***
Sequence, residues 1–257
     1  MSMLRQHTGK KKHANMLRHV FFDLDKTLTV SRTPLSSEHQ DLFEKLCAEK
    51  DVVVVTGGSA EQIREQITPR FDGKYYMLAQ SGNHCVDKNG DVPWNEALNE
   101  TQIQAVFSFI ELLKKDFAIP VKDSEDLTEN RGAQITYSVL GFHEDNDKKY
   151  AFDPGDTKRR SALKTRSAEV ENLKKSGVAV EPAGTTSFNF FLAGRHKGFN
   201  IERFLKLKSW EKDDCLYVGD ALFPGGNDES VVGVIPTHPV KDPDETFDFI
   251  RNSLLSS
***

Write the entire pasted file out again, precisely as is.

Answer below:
Sequence, residues 1–257
     1  MSMLRQHTGK KKHANMLRHV FFDLDKTLTV SRTPLSSEHQ DLFEKLCAEK
    51  DVVVVTGGSA EQIREQITPR FDGKYYMLAQ SGNHCVDKNG DVPWNEALNE
   101  TQIQAVFSFI ELLKKDFAIP VKDSEDLTEN RGAQITYSVL GFHEDNDKKY
   151  AFDPGDTKRR SALKTRSAEV ENLKKSGVAV EPAGTTSFNF FLAGRHKGFN
   201  IERFLKLKSW EKDDCLYVGD ALFPGGNDES VVGVIPTHPV KDPDETFDFI
   251  RNSLLSS